This book is for educators, parents, and community partners!

Resources, ideas, examples, for both beginners and experts.

Tuesday, September 4, 2012

A New Year

Back to School

It's a new school year. Teachers all over the country are feeling the pressure: test scores, core curriculum, S.T.E.M. education, emerging technologies, over-crowded classrooms. There's scant opportunity for creativity in the same ways we understood teaching in the past.

For teachers who feel comfortable with, and are incorporating digital media into instruction, there are opportunities to use social media and other communications technologies to bring mentors into the classroom, to forge partnerships. Professionals in the arts and in STEM fields can help. They are willing to help. Visit the CILC website and find a long list of professionals who will work with your students to help foster creativity and innovation. (Click on the Content Provider Programs.) By using technologies on a regular basis, you are helping train students build to communication and collaboration skills.

On their own, students can use the Internet to conduct research and build information fluency. According to the International Society for Technology in Education (ISTE) NETS for students, (National Education Technology Standards), students who can apply digital tools to "gather, evaluate, and use information" are more likely to succeed in developing critical thinking skills, test taking skills, and more likely to be prepared to apply the STEM education tools they learn today in the workplace of tomorrow.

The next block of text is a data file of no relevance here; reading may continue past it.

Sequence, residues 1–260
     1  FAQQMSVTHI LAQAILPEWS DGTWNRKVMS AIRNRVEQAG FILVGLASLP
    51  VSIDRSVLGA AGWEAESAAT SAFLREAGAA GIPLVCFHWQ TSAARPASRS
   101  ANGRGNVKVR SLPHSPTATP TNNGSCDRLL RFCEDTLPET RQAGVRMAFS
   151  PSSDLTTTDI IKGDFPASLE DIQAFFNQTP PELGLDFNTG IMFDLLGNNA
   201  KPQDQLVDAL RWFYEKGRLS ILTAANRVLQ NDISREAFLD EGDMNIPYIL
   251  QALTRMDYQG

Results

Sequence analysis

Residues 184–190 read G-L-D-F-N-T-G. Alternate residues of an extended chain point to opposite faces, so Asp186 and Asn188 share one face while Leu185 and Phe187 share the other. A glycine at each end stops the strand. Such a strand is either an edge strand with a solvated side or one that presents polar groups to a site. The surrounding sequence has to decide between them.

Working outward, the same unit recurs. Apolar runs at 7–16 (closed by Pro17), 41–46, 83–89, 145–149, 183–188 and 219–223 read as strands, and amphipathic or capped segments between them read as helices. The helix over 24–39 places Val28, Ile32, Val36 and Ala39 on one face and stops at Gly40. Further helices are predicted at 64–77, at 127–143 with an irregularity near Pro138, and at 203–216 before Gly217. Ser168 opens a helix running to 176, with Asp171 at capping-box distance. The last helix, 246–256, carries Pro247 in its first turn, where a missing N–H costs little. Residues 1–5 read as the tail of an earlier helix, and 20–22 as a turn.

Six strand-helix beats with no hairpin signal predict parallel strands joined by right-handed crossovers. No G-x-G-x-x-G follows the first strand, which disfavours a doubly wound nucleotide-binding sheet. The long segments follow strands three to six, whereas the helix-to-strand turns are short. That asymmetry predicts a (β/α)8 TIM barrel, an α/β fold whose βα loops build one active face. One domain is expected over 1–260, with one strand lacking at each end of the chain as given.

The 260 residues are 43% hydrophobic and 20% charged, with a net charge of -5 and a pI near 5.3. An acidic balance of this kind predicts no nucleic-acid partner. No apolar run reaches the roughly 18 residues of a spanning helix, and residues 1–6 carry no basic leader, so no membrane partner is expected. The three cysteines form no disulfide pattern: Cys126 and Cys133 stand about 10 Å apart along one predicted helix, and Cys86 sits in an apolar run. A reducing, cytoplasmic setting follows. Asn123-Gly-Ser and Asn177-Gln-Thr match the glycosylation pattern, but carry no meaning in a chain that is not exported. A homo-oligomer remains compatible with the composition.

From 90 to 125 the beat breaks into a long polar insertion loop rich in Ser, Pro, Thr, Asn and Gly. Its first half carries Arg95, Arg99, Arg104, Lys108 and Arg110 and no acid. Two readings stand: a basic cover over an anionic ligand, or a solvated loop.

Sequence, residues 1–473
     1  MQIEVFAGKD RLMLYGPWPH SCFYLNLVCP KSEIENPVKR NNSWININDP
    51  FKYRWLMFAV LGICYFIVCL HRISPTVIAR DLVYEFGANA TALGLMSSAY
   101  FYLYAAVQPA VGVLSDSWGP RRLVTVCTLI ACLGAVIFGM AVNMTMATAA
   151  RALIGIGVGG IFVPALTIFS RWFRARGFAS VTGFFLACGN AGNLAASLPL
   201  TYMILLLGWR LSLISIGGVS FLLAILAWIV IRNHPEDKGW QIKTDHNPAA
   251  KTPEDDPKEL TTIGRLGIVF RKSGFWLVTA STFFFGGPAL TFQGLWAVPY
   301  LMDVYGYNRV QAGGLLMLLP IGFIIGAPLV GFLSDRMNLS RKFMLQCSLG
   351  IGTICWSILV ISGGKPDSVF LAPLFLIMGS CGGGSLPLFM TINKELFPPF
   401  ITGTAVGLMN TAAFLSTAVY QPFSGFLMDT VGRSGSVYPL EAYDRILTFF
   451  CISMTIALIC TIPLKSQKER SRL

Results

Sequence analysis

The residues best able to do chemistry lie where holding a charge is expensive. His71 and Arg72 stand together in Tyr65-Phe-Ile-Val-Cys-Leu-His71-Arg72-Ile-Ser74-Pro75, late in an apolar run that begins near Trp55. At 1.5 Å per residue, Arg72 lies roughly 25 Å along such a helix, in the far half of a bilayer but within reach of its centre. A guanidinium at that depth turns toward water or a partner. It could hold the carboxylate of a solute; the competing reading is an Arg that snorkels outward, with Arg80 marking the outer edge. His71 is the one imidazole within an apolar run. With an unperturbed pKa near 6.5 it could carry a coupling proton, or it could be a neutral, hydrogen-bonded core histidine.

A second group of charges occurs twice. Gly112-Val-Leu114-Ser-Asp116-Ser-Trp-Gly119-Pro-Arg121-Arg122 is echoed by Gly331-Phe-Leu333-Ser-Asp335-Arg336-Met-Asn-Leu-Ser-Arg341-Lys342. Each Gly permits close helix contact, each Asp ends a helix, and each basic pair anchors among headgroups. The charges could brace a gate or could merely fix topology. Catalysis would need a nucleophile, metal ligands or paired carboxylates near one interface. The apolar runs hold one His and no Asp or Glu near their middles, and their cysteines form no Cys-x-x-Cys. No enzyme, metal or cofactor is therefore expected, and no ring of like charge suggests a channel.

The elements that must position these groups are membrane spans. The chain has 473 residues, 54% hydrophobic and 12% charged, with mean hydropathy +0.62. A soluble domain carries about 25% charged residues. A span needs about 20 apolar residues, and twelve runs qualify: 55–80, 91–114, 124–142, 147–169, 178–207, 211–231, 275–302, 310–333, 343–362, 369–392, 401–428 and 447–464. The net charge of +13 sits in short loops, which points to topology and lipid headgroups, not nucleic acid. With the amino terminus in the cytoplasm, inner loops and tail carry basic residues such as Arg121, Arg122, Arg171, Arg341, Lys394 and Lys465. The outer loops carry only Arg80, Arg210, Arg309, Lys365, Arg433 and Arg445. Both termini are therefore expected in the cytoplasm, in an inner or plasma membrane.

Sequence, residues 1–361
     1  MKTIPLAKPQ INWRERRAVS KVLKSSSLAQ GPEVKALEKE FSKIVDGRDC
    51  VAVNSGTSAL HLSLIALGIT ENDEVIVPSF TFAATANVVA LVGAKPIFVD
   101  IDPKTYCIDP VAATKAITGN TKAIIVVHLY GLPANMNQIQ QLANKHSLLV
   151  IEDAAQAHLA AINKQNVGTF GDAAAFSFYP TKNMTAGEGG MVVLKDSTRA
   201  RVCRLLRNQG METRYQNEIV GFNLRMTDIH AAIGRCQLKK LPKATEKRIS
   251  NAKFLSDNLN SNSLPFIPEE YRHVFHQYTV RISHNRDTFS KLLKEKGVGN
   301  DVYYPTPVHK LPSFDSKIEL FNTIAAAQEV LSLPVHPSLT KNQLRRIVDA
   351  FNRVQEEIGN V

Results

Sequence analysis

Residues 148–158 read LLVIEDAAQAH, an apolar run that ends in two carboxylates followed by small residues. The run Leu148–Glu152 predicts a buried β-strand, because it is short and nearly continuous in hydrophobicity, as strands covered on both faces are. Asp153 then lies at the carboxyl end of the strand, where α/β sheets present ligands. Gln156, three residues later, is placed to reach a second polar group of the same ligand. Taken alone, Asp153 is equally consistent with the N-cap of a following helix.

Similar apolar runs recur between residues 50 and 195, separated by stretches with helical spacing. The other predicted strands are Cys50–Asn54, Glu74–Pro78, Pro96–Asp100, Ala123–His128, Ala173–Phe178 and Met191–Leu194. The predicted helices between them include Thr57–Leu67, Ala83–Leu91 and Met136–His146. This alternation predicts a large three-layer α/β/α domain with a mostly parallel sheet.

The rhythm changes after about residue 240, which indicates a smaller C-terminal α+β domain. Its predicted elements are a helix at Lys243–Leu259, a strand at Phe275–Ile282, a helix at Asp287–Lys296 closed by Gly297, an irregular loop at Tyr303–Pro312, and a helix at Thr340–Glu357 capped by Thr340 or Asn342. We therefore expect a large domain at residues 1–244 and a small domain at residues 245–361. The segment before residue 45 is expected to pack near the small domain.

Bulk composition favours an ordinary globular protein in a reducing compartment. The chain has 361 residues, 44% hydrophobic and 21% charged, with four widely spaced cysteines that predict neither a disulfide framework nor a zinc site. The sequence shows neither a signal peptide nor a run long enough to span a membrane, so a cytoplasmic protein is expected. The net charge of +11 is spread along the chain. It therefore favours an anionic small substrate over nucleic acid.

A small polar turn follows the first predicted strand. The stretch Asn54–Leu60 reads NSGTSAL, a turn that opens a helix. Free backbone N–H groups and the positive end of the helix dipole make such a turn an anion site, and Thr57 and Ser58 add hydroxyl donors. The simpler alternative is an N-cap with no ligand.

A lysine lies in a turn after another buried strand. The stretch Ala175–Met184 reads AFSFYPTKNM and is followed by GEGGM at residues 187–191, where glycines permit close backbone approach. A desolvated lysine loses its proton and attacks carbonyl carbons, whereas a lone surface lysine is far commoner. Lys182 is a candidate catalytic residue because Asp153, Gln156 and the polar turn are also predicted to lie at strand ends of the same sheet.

Yes, I'm suggesting that teachers and parents use digital tools much like an instructional assistant. Delegate to the PC, the Mac, and the plethora of community partners willing to work with K-12 students using social media and distance learning tools.

Most youngsters already understand the concepts related to technology operations, but they need guidance in Digital Citizenship, in understanding the ethics and rules and safety measures required to use the Internet effectively. Once they understand these guidelines, teachers can function more like coaches than fonts of knowledge. They no longer are responsible for providing all the information, rather they can help prepare students for adult life by guiding them in how to acquire knowledge on their own. The results can be effective test-takers, students who are armed with 21st century learning skills.

The new classrooms of the 21st century have new requirements. Therefore they must have new and different instructional methods that take advantage of emerging technologies and foster partnerships throughout the world.

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